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Younger People Buying Smaller Share of Music

Rock still dominates the market, study shows, but record stores' retailing lead is diminishing.

April 01, 1999|From Associated Press

NEW YORK — True or false? Young people love to buy music, they crave rock 'n' roll, and record stores are indisputably their favorite places to shop for sounds.

Answers: False, false and false.

A new consumer profile of music buyers by the Recording Industry Assn. of America offers some insights into a business being buffeted by change.

The music industry shipped $13.7 billion worth of music to merchants in 1998, up from $12.2 billion the year before. But people 15 to 29 years old--the bedrock of a youth-obsessed industry--bought a smaller share of music, the survey found. This age group accounted for 39% of music purchases last year, down from 42% the year before.

"In many ways, music is much more ubiquitous for young people," said Hilary Rosen, RIAA president and chief executive. "You can get it on the radio, get it on MTV, get it on the Internet. There are many more choices out there to get music for free."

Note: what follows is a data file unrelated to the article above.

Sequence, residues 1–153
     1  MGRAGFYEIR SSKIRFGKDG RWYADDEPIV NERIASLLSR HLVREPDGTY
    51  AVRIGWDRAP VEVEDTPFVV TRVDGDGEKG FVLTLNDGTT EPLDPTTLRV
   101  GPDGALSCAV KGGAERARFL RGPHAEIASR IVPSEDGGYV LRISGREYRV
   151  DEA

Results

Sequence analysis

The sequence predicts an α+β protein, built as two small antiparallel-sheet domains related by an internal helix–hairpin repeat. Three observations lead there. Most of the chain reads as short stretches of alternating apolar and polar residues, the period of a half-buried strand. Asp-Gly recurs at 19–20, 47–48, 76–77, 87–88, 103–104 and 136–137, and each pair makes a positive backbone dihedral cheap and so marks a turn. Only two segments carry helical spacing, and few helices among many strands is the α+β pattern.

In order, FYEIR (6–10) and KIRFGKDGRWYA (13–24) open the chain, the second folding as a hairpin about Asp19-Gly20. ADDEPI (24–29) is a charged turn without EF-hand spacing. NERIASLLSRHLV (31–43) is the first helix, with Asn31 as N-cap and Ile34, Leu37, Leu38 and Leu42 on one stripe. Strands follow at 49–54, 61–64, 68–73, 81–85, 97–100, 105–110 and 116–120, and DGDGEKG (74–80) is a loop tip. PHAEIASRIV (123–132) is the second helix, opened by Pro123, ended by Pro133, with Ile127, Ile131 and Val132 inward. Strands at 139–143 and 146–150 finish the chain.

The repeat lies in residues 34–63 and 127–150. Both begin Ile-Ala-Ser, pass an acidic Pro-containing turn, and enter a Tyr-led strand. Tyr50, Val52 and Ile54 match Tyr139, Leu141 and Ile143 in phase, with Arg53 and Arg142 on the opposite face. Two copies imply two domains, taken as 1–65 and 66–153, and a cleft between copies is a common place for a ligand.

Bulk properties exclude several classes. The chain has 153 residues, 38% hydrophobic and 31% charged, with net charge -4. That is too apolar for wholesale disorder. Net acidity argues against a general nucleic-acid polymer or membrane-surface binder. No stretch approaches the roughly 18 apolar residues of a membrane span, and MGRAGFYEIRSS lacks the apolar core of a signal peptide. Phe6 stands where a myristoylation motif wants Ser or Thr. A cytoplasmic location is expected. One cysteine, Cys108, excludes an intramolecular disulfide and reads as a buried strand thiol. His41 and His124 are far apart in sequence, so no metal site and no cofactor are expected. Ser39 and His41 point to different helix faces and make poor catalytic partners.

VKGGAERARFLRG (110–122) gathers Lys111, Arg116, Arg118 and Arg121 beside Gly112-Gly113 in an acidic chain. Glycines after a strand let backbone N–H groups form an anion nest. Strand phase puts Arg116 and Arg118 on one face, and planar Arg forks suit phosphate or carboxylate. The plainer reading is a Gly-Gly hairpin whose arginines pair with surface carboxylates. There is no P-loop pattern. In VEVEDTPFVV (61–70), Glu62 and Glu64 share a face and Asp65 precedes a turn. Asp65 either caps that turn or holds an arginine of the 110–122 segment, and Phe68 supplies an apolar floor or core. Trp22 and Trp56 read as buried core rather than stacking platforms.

Through a technology called MP3, computer users are able to sell or trade copies of songs through the Internet, which is causing major headaches for the music industry.

Rosen said Internet distribution is a small factor in the trend. But Siddiq Bello, publisher of industry newsletter MP3 Impact, suggested Wednesday that the availability of music in cyberspace is responsible for a real dent in sales, particularly among consumers 15 to 24 years old.

Consumers 30 and older bought half the music sold last year, compared with 34% a decade ago.

Rock 'n' roll is still the most popular category of music, but it accounted for just under 26% of the music sold last year, down from 33% in 1997 and 42% in 1989.

Fifty-one percent of consumers bought music in record stores last year, down from 72% in 1989.

The consumer profile is based on 3,051 telephone and Internet interviews conducted by Chilton Research Services.

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